Roger Casement: The Real Dos Equis Guy

He traveled to the Congo and worked for Henry Stanley where he also became friends with Joseph Conrad. He explored the Amazon, was knighted by the Crown, fought for Irish independence, arrived in Ireland via a German submarine during World War I, stripped of his knighthood and spoke out against human rights abuses wherever he went. . .A true human rights activist that in many ways was light years ahead of his time, he was tried and executed for treason at the age of 51 by the British Crown. Roger Casement lived a fascinating life.

In an age when most people never traveled more than a few hours from their birthplace Roger Casement managed to visit the world- from the Congo, to South Africa, to South America to all parts of Europe he was a man that made his mark across the globe.  Never has there been an individual that is arguably so important, so relevant but yet also obscure. I am amazed that for a man that did so much, and tried to do so much more, most people have not a clue who he was.  Casement led an extraordinary life, a life that could be rivaled only through the exaggerated fiction dreamed up by Madison Avenue such as the Dos Equis guy on their signature commercial.  Casement may in fact be the most interesting man to have lived over the last two centuries. Seriously.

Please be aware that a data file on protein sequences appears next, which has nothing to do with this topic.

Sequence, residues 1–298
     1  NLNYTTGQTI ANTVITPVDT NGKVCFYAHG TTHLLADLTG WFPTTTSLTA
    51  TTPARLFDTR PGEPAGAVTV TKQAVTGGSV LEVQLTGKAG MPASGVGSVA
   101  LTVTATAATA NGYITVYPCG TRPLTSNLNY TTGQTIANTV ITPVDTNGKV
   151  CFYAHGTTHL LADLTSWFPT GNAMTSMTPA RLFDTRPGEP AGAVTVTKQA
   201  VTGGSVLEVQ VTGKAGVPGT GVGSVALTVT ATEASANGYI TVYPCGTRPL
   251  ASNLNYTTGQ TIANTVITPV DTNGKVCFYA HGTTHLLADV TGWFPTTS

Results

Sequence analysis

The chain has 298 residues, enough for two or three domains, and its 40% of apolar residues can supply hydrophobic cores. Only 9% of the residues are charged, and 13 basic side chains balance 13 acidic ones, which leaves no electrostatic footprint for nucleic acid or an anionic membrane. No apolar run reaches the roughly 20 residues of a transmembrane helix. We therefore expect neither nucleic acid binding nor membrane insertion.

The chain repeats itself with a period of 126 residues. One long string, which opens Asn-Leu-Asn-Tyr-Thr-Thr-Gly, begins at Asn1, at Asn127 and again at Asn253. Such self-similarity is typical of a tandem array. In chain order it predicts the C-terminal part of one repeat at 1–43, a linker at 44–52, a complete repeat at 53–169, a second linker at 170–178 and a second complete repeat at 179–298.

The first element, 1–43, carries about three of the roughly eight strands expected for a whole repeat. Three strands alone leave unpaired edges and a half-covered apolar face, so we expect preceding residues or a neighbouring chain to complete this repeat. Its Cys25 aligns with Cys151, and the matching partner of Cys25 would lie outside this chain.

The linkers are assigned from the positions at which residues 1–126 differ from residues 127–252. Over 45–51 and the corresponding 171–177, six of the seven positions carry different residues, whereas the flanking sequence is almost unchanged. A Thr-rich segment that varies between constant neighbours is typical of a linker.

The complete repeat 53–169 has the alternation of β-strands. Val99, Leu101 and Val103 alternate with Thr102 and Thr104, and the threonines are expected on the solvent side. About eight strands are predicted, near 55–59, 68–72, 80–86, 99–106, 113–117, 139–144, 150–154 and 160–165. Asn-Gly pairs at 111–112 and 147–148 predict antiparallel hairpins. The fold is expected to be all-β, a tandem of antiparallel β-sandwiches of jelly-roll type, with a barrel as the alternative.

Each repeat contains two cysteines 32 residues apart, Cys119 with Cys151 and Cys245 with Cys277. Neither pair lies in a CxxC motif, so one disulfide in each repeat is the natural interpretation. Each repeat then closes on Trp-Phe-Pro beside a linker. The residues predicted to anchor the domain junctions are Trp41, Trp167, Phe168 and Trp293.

Born in Dublin, Ireland in 1864 Casement by his teen years was being raised by relatives due to the death of both his parents. By the time he was 16 or 17 years old he found himself in Liverpool working for a major shipping company. It was here where Casement truly discovered the wider world during the golden years of the British Empire in the Victorian age.   One of his first endeavors was to work for the legendary Henry Stanley in the Congo Free State.  Casement was partially tasked with assisting in improving the infrastructure (building a reliable railroad line for example) and communication throughout the inhospitable and formidable African Congo.  It was during this period where Casement met Joseph Conrad who as an author would chronicle his Congo experience in his classic Heart of Darkness. Both Casement and Conrad seemed drawn to Africa in the hopes of fostering improved social, political and economic possibilities for the people of the Congo.  Casement himself was deeply invested in the idea of social justice and activism throughout his life.  Eventually joining Her Majesty’s Colonial Service Casement began to investigate, document and bring public attention to the human rights abuses that were unfolding in Congo against its people under the control of King Leopold II of Belgium.  The Congo itself was Leopold’s own private colony!!! Casement’s subsequent reports and findings will lead to the eventual formation of the Congo Reform Association, one of the first Non-Governmental Organizations (NGOs) of its kind.  Today, NGOs are instrumental in maintaining international attention on all sorts of human rights issues- poverty, slavery, climate change, civil displacement due to war, hunger, safe drinking water, etc.  Eventually, due to Casement’s detailed work and findings, the Belgian Parliament would formally take over the Congo Free State from King Leopold. A remarkable achievement. Casement will then travel to the Amazon basin and investigate similar pattern of abuses against the Putumayo Indians of Peru that were used in extracting rubber for the rubber trade not so much at the hands of a sovereign state but by private companies in the region.  These two investigative successes as well as time in South Africa during the Boer War will eventually lead to Casement receiving a knighthood in 1911.